|Publication number||US6425062 B1|
|Application number||US 09/395,870|
|Publication date||Jul 23, 2002|
|Filing date||Sep 14, 1999|
|Priority date||Sep 14, 1999|
|Also published as||CN1227670C, CN1390354A, DE10084982B4, DE10084982T0, DE10084982T1, WO2001020611A2, WO2001020611A3|
|Publication number||09395870, 395870, US 6425062 B1, US 6425062B1, US-B1-6425062, US6425062 B1, US6425062B1|
|Inventors||Terry L. Kendall, Kenneth G. McKee, Kishore Rao|
|Original Assignee||Intel Corporation|
|Export Citation||BiBTeX, EndNote, RefMan|
|Patent Citations (20), Non-Patent Citations (1), Referenced by (21), Classifications (26), Legal Events (4)|
|External Links: USPTO, USPTO Assignment, Espacenet|
The present invention pertains to the field of memory devices. More particularly, this invention relates to the art of sequential burst read operations in nonvolatile memory.
Advances in computer technology have led to increasingly faster microprocessors. These faster microprocessors are capable of running increasingly larger software applications, which require faster, higher capacity memory devices. At the same time, the trend in computer technology is toward smaller, lighter, and less expensive computers. When selecting a memory device, computer designers often have to trade speed for size, cost, or storage density. A wide variety of memory devices, each with certain strengths and weaknesses, are available. Among these memory devices, flash memory has proven to be particularly useful.
Although the write and erase operations in flash memory are comparatively long, the nonvolatility and rewritability of flash memory are desirable features for a number of applications. For example, using flash to store a computer system's Basic Input Output system (BIOS) and boot code permits the user to update the BIOS without having to replace the storage medium. Because flash memory read operations are much faster than write and erase operations, flash memory is also useful for storing “ROMable” (i.e. read only), or “read mostly” files. For example, operating system and application files can be divided up into ROM-able and read/write portions. The ROMable portions can be executed directly from flash memory, rather than waiting for the files to be loaded from hard disk to random access memory (RAM).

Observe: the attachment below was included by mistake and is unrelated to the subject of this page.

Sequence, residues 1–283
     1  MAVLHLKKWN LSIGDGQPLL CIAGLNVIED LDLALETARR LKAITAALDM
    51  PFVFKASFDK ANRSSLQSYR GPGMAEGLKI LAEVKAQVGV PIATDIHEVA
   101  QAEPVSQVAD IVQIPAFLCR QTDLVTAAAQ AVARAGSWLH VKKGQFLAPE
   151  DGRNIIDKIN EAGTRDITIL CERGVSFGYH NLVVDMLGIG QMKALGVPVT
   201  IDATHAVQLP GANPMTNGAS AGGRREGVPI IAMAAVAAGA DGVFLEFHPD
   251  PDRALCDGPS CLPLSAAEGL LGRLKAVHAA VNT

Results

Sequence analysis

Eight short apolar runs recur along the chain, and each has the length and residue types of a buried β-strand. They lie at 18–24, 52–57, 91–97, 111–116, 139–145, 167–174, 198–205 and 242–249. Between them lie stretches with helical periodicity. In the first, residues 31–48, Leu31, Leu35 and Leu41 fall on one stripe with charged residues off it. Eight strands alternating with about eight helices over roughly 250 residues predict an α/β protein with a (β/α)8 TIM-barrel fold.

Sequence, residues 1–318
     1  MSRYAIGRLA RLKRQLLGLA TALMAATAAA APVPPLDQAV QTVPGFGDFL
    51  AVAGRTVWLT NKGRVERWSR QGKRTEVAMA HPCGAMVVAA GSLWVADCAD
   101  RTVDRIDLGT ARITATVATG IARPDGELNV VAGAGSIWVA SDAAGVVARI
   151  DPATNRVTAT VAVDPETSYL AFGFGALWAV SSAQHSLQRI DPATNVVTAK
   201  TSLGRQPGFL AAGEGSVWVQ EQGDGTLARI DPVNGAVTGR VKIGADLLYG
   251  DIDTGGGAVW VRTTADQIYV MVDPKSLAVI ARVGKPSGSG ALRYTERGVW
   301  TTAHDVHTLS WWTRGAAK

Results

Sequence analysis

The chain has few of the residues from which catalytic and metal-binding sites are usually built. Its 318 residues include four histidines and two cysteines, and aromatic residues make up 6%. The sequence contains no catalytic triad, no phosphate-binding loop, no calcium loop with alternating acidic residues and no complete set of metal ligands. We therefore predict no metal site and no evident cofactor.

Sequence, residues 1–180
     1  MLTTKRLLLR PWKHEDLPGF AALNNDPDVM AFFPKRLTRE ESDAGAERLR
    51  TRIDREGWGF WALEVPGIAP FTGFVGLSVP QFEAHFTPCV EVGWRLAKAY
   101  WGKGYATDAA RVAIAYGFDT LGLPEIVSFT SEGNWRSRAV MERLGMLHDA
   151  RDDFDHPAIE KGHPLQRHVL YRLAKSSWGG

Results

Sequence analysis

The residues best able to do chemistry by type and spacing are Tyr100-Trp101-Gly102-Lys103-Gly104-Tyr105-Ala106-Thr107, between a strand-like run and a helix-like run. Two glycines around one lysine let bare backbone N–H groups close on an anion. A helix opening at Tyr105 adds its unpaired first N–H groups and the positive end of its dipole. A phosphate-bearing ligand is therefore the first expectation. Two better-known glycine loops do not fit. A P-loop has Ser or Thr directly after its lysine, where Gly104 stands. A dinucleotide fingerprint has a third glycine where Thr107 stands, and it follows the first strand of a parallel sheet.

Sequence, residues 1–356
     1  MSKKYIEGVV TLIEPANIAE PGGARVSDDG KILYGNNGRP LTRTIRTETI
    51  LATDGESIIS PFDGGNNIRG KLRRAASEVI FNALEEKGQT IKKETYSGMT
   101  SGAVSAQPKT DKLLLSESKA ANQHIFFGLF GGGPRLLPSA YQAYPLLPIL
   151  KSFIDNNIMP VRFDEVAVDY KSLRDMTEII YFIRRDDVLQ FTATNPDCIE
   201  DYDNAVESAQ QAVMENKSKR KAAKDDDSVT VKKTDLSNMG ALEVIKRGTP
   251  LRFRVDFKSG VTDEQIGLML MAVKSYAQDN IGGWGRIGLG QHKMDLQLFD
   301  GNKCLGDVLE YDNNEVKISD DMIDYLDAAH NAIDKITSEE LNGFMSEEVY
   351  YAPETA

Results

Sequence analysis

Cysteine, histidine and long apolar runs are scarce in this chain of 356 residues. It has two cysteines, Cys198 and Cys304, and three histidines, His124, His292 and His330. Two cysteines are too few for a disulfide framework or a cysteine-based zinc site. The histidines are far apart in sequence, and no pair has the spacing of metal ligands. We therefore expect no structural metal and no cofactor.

Even in ROMable, or infrequently updated applications, flash presents certain challenges. For instance, a flash memory read operation is typically asynchronous, meaning that data is read out of flash memory a set time after an address is provided. In other words, data is not provided in response to a clock signal. So, if the clock rate of a high speed bus connected to a flash memory is running faster than the access time of the flash memory, every memory access could introduce wait states on the high speed bus. Thus, a burst read operation might result in a wait state for each address read.
One approach to this problem is to perform a page read in synchronous mode. Instead of reading one byte or word of data for each address, a page of data is read at a time. Each page of data includes a number of words of data. The words of data are buffered and provided to the bus synchronously, one word at a time. By reading data a page at a time, wait states are only incurred once every page of data rather than once every word or byte of data. When a large block of contiguous data is read from flash memory in a burst, however, the accumulated wait states can have a significant performance impact, even if wait states are incurred only once every page of data.